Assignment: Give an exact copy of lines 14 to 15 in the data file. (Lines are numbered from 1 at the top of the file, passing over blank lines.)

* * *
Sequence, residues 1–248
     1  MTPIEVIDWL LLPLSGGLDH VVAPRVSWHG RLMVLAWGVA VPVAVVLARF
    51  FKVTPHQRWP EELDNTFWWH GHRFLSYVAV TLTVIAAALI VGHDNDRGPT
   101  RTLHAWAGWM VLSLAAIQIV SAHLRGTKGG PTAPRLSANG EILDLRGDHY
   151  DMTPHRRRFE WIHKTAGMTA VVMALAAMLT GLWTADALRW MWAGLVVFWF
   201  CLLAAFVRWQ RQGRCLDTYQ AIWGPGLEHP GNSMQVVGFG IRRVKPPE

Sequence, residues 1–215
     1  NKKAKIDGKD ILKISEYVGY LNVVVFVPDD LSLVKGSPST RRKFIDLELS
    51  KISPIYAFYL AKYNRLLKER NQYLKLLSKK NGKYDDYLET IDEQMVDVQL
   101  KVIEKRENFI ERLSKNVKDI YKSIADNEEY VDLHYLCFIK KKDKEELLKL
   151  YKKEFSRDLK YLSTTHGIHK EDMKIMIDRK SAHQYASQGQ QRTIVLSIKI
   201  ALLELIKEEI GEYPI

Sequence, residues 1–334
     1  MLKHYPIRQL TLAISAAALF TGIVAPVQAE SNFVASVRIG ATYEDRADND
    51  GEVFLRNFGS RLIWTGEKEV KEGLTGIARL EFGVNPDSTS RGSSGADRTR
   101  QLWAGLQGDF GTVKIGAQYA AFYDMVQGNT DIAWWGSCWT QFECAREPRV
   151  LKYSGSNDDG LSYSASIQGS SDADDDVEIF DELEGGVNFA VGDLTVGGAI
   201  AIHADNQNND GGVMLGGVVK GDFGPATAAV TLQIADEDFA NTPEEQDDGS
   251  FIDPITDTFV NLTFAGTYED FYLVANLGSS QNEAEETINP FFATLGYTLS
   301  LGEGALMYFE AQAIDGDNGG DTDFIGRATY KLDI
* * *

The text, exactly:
     1  MLKHYPIRQL TLAISAAALF TGIVAPVQAE SNFVASVRIG ATYEDRADND
    51  GEVFLRNFGS RLIWTGEKEV KEGLTGIARL EFGVNPDSTS RGSSGADRTR